If you’re keen on learning some hot tips and tricks, and even making a few lifestyle changes to help the environment and improve sustainability, head along to The Small Things Festival.
The new Warrnambool event will be held on the city’s Civic Green, and other locations, on Saturday, October 20.
Organiser and Warrnambool artist Megan Nicolson said the festival would celebrate all the little things people could do to make the earth more sustainable, alongside a big vision for a greener, brighter future for the next generation.
She said the festival slotted in nicely with the city council’s ambitious Green Warrnambool plan to become the most environmentally friendly place in Australia.
“There was no sustainability festival and no really exciting engagement for me, so I figured why not do it myself,” she said.
“Instead of waiting for someone else to do it, I thought ‘we can do it’.”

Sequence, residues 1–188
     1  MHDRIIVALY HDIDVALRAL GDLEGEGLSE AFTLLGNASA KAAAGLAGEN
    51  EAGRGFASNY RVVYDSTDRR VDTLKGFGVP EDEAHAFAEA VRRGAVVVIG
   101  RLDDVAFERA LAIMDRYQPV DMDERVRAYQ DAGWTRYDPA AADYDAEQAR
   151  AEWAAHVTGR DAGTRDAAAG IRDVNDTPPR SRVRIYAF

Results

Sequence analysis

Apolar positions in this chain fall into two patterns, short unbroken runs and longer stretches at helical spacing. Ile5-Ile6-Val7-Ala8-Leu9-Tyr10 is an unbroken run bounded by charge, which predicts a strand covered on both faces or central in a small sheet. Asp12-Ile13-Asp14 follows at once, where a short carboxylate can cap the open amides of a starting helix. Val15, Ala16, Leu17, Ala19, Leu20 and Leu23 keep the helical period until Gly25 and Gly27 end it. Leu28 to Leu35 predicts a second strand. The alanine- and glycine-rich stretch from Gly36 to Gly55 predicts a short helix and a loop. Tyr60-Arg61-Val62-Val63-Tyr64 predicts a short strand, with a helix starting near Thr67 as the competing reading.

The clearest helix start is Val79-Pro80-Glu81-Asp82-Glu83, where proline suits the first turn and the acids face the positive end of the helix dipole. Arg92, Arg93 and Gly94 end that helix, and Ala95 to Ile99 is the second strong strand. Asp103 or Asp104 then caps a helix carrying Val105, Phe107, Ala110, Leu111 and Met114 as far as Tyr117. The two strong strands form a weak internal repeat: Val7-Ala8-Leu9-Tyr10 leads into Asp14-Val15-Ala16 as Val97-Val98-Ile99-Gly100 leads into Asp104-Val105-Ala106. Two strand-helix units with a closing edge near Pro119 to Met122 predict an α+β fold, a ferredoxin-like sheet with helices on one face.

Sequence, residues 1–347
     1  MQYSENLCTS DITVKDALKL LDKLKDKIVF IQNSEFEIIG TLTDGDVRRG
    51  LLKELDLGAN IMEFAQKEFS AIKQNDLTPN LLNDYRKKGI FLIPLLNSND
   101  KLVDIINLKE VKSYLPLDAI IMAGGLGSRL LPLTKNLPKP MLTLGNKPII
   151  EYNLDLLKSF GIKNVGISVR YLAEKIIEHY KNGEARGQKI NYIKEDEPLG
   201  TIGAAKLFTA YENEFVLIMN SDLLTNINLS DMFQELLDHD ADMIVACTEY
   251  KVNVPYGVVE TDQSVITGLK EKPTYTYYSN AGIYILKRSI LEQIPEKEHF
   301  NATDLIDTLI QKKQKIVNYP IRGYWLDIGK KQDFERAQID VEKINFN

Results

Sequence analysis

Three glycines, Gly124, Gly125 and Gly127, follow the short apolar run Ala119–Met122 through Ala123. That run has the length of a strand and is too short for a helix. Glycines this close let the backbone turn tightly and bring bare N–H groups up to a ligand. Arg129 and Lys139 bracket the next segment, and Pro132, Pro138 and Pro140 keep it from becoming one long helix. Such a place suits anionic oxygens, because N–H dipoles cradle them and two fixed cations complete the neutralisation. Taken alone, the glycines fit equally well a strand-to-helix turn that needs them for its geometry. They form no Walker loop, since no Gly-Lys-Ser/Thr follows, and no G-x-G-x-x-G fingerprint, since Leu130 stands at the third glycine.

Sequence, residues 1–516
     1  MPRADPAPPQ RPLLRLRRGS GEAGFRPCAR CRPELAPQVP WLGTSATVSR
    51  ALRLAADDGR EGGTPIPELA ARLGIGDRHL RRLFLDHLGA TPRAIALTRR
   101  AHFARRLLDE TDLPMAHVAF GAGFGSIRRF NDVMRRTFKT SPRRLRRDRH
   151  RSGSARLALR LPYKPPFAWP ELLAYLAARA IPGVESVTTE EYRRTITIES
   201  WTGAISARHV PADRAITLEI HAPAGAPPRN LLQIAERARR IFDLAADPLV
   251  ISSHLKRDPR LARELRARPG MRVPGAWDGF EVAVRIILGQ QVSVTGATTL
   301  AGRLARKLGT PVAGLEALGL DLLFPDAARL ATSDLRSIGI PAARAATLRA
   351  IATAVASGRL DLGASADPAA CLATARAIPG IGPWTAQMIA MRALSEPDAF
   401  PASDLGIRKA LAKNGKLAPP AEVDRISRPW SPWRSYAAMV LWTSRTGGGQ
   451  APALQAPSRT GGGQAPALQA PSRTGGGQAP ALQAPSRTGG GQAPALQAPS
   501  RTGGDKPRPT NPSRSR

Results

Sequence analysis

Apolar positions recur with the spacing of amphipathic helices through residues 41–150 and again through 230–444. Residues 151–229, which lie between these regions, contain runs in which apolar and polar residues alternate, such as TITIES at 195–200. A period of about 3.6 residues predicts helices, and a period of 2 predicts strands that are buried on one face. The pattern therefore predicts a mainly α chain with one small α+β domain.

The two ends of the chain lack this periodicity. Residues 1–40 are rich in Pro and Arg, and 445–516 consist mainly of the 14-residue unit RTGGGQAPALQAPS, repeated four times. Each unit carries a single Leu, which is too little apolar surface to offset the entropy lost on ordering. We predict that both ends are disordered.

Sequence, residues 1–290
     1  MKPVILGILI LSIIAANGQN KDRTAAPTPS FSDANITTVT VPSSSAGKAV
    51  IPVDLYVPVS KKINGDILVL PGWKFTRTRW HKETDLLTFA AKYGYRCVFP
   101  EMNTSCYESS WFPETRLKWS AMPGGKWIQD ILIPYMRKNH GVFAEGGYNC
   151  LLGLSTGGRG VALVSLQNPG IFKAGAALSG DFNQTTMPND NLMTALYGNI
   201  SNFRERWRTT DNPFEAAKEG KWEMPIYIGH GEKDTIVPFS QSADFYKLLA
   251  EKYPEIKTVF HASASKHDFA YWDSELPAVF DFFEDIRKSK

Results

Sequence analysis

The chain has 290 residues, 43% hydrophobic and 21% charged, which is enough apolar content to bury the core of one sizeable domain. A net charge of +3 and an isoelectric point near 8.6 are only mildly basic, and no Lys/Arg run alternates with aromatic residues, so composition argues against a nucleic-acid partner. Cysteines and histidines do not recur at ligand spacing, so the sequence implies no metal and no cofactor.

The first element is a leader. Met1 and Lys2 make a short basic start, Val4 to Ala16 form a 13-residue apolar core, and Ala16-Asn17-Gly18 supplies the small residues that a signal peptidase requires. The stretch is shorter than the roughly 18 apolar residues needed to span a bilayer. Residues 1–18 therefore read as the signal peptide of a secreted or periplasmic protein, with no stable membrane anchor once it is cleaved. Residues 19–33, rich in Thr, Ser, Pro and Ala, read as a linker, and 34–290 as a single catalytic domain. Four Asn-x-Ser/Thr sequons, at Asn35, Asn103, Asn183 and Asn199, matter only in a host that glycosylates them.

She said the festival would offer a welcoming environment for people to learn about environmentally friendly options, services and resources available in the south-west.
“There is a lot of community involvement,” she said.
“It’s all grassroots with only a small amount of funding. I’ve been overwhelmed with people wanting to be involved – the community gardens, CoastCare, Boomerang Bags and small businesses from across the south-west.”
The F Project will host an artist market on the green, and Wannon Water, Glenelg Hopkins CMA and the council featuring the Food Organic, Green Organic waste service will also have sites to show what they are doing.
Ms Nicolson said there would be a big focus on children, with lots of hands-on messy play activities.
The event will be waste free, and feature live music.
“There will be no plastic, there will be a wash-up station and composting,” she said.
“A lot of this has come in response to the nurdle spill. It showcases what the community is doing.”
Environmentally-focused workshops and sessions will be held at the Warrnambool Art Gallery, including a book singing by Paul Jennings, and the Archie Graham Centre.
Nature Glenelg Trust wetlands ecologist Lachlan Farrington will host a walking tour at Lake Pertobe, alongside indigenous elders Uncle Robbie Lowe and Uncle Lochie Eccles.
“There are a lot of good native plants, waterbirds, fish and bugs down there,” he said.
“The festival is an ideas exchange. Everyone will learn something.”
People wanting to host a site at the festival can email firstname.lastname@example.org.